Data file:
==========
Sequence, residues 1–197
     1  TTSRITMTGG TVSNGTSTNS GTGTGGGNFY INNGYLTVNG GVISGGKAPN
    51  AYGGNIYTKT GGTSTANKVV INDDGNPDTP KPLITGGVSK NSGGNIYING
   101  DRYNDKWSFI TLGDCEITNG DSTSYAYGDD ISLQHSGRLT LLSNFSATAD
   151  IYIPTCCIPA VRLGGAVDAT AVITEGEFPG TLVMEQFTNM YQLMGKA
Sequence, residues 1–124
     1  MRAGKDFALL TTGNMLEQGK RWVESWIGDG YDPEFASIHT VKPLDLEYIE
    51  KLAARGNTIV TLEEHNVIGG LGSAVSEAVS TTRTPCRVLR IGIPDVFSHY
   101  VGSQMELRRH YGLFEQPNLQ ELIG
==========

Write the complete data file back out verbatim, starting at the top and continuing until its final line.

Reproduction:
Sequence, residues 1–197
     1  TTSRITMTGG TVSNGTSTNS GTGTGGGNFY INNGYLTVNG GVISGGKAPN
    51  AYGGNIYTKT GGTSTANKVV INDDGNPDTP KPLITGGVSK NSGGNIYING
   101  DRYNDKWSFI TLGDCEITNG DSTSYAYGDD ISLQHSGRLT LLSNFSATAD
   151  IYIPTCCIPA VRLGGAVDAT AVITEGEFPG TLVMEQFTNM YQLMGKA
Sequence, residues 1–124
     1  MRAGKDFALL TTGNMLEQGK RWVESWIGDG YDPEFASIHT VKPLDLEYIE
    51  KLAARGNTIV TLEEHNVIGG LGSAVSEAVS TTRTPCRVLR IGIPDVFSHY
   101  VGSQMELRRH YGLFEQPNLQ ELIG